We’re a pretty sceptical bunch here at Australian Brews News and when I saw that NZ advertising agency Clemenger was behind a project top create the beer that best describes Wellington, I could see cynical marketing ploy written all over it. But as with most good conspiracy theories, our scepticism didn’t bear up to much scrutiny. With names like Yeastie Boys, Tuatara and Parrot Dog involved, and Cryer Malt’s David Cryer telling us how ‘into beer’ the Clemenger boys and girls are, I had to unsaddle the high horse and lead it back into the stable.
Below is the Yeastie Boy’s take on the project. It’s great to see creative advertising minds looking at ways to celebrate the best aspects of beer and enhancing its credibility, rather than reinforcing its reputation as being only the drink of choice for unshaven blokes on men-only fishing trips. With this sort of thing happening on both sides of the Tasman, things are looking good for interesting beer.
Wellington in a Pint
For the last few months we have been working on a very exciting project with Wellington advertising agency Clemenger BBDO. Wellington in a Pint was officially launched with a significant hiss and roar late last week at a jam-packed Fork and Brewer. Think froth spraying from a bottle of beer instead of the usual Champagne. Think smart, intelligent, good-looking people drinking craft beer (and the occasional whisky) instead of the wine and cocktails they would normally be pictured with. Think fun!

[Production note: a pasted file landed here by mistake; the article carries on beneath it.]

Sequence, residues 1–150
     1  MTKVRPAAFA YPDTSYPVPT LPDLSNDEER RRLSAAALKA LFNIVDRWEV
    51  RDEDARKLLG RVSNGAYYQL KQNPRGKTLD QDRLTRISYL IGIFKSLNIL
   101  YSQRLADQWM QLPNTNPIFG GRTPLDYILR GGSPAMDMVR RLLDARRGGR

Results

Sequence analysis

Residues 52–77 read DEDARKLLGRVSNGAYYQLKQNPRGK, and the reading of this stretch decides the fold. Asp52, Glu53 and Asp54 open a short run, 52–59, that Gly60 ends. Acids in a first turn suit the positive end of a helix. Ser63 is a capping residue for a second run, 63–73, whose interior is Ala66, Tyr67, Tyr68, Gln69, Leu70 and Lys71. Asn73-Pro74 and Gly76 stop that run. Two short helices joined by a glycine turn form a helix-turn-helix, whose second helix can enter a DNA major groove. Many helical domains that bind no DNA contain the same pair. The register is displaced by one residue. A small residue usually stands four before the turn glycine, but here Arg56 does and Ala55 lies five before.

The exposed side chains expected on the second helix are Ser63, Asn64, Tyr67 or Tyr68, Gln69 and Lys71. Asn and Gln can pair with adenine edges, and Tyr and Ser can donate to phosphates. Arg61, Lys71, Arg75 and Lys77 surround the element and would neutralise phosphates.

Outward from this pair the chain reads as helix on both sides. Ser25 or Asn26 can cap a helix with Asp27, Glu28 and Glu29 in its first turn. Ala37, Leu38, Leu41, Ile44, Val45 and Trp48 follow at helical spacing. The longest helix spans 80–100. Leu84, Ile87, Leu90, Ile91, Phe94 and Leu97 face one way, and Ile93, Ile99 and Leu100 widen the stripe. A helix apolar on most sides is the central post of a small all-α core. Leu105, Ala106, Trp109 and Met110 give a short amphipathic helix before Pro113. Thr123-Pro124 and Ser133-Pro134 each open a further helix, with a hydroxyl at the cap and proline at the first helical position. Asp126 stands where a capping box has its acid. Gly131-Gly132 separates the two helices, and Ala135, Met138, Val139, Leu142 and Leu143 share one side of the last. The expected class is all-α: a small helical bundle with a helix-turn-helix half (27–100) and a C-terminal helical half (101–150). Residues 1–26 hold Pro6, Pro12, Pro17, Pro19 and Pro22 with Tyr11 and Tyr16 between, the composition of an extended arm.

Wellington in a Pint has our four local commercial breweries near its centre but at its true heart is our fantastic creative community, whether that’s advertising agency who came up with the original concept, the beer savvy men and women on the street who are now suggesting the concepts we end up working towards, the homebrewers who will turn those concepts into the a beers that Tuatara, Garage Project, ParrotDog or ourselves finally brew, or the pubs and bottle stores of our fair city that will dispense the end result. Wellington in a Pint will result in beers that truly are for the people and by the people… and the fact that there is no mention of traditional beer styles or any brewing jargon whatsoever in the brief means the concept is as wide open to people as the beers we like to brew. It is all inclusive. Those who know Sam and I well will know that this makes us very very excited.
With the speed that these ideas spread on social media, I’ve already found the tall poppy cutters asking (jokingly, I’m sure) “What is this? Another show of Wellington insecurity” or “Can’t Wellington just enjoy a pint without some cenceptual celebratory advertisement”.
Certainly some people probably see what we’re doing here, and what the Craft Beer Capital team did before us, as the sort of negative regionalism touched on by Kelly Ryan or take it for exactly what it is: a group of keen people shouting loudly about the depth and breadth of the great beer scene we have here in Wellington.
You see we’re far from insecure here in Wellington, and we can certainly enjoy a quiet pint or three without mentioning it, but we love to celebrate the folk that make our city so wonderful… what else do we have? It certainly ain’t the weather. Or the money. Most of all, of course, we do love great beer and having fun. Y’all know that, of course, that’s why we see you here so often. The people are why why we have some of the best pubs, whether they’re serving “local” beer or the ones imported from Auckland (or Norway).